We’re consuming Gabby Petito’s death like it’s a Netflix drama – but we can’t forget this is real life

A 22-year-old woman is dead, so why is the overwhelming public response to treat her like a celebrity?

Three weeks ago, the world wasn’t familiar with the name Gabby Petito. Yet now, it yields more than 27 million search results on Google, and there are a million people following her Instagram account.

There’s been a real sense of mystery that’s surrounded the disappearance of 22-year-old ‘Youtuber’ Gabby Petito. And it’s not surprising to see why, when you consider that the sequence of events leading up to the recent, grim discovery of her body reads like the blurb of a gripping Netflix crime drama.

In July, Gabby and her childhood sweetheart, Brian Laundrie, set off on a four-month cross-country trip of US national parks in a converted Ford Transit van. The pair were intent on documenting their trip on Instagram and via a new Youtube channel, and had even created a website of the same name – Nomadic Statik – from which they planned to share more of their adventure. The couple had got engaged in the summer of 2020, and this year decided to take off on a “van-life” trip after a shared desire to “downsize our lives and travel full time,” according to the description on Gabby’s Youtube channel.

But after just a month of travelling, on 1 September, 2021, Brian Laundrie returned home to Florida without Gabby. On 11 September, having been unable to get hold of their daughter, the Petito family reported her missing. North Port Police in Florida went on to announce that Laundrie was considered a “person of interest” in the case, but clarified that he had not been charged with any crime. Days later, Brian Laundrie went missing himself, and his family maintain that they haven’t seen him since 14 September. The FBI has subsequently been investigating the family home as a crime scene.

In the weeks since Gabby’s disappearance, the case has risen to prominence – not only among established news outlets online and in print, but across social media, too. On TikTok, the hashtag #GabbyPetito has over 634 million views, while hundreds of Reddit forums seek to dissect the facts of the case in meticulous detail. People are compelled, and they’re signing up to consume more. Prior to going missing, Gabby Petito was reported to have had less than 1,000 followers on Instagram. Now, as we await the results of an autopsy on Gabby’s body, there are a million people following the 22-year-old blogger on the picture-led platform – despite the fact she will never post on it again.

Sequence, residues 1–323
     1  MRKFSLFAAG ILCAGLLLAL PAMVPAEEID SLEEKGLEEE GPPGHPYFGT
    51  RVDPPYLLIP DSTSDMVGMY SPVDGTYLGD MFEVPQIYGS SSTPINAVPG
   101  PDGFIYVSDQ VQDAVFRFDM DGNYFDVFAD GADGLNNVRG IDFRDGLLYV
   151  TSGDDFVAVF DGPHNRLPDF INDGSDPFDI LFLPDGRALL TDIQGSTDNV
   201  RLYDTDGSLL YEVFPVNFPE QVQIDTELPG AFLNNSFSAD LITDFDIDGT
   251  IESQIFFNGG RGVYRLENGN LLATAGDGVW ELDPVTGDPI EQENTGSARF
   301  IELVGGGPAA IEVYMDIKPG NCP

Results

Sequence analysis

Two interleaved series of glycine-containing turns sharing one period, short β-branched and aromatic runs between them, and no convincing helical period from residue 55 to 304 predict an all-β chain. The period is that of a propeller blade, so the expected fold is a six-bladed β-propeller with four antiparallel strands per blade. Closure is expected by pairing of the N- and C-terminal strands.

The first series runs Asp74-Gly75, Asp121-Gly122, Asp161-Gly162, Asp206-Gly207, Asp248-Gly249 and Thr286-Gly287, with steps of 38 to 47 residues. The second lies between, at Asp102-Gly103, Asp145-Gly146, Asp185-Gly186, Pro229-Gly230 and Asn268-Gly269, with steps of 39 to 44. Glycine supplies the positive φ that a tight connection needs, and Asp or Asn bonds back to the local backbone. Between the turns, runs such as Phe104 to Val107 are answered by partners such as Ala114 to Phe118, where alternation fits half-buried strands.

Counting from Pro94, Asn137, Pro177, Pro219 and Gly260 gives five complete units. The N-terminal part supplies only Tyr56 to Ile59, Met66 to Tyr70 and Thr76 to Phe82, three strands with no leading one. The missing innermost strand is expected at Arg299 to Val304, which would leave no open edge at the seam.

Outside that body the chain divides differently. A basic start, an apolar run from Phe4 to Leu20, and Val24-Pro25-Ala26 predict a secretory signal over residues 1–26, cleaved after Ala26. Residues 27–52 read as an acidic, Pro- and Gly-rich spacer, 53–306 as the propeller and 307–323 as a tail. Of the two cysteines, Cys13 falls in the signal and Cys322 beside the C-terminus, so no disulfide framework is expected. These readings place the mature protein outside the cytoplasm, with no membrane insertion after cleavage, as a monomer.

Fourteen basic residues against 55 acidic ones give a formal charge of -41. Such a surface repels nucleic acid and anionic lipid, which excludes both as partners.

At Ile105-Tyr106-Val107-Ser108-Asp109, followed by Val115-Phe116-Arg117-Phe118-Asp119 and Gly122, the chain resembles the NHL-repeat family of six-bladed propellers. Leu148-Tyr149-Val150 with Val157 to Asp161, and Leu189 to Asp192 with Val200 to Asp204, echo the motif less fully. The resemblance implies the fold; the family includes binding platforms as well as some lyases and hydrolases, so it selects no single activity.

Perhaps the reason this tragedy has taken such a grip among users online is because it’s a palpable reminder of the stark comparison between reality and what we see on social media. Both Gabby Petito and Brian Laundrie’s Instagram pages depicted an idyllic, curated version of their lives – a young, beautiful, couple taking to the open road; their wide smiles beaming as brightly as the sun. But the grim conclusion to this tale suggests that, in reality, things were far from rosy between the two.

The case invites this pause for reflection, but its element of mystery has also summoned a slew of armchair investigators, determined to solve the crime as if it were playing out in a six-part drama series on screen. And there has been much to comb through, which has only fuelled this wave of internet sleuths.

There’s the abundance of Instagram posts and the captions attached to them. There’s the lone video that sits on Gabby’s Nomadic Statik Youtube channel (currently at 3.8m views) depicting the couple in romanticised, slow-mo montages. There’s the audio of a 911 call from a passerby in the southern Utah town of Moab, who witnessed “the gentleman… slapping the girl.” And then there’s the bodycam footage taken by police on 12 August when they stopped the couple to investigate the incident, in which Gabby Petito can be seen crying and Brian Laundrie has visible scratches on his face.

The deep-dives and extensive analysis that have resulted are perhaps to be expected, considering such detailed evidence is rarely available to the public in a live case. And it must be acknowledged; such public interest has undoubtedly served to aid the pace of the investigation. The viral nature of the case meant it has attracted the eyes and ears of millions, and even led one fellow travel blogger to revisit her own footage where she discovered a clue that, ultimately, led police to the location of Gabby’s body.

In a clip filmed on 27 August by Jen Bethune at the Spread Creek Campground in Wyoming’s Grand Teton National Park, she caught sight of Gabby and Brian’s white Ford Transit van. After reporting it to the FBI, investigators found Gabby Petito’s remains.

The disappearance of Gabby Petito has got all the ingredients of a true crime podcast. But the difference is, this is playing out in real time.

True crime has become an increasingly popular, morbid form of captivating entertainment over the past few years – so much so, Channel 4 has announced that a whole new channel dedicated to it will launched this autumn – but this isn’t a retrospective revisit decades later, after the dust has settled.  Gabby’s family are grappling with real life emotions – fear, anger, grief – right now. All the while, well-intentioned onlookers are devouring every morsel of the case they can get their hands on, recording DIY TikTok news reports that compile the facts, all in a desperate bid to get to the bottom of it.

But we must remember that this is more than just a gripping ‘whodunnit’. This is the death of a woman who had her whole life ahead of her, and her heartbroken family must now pick up the pieces.

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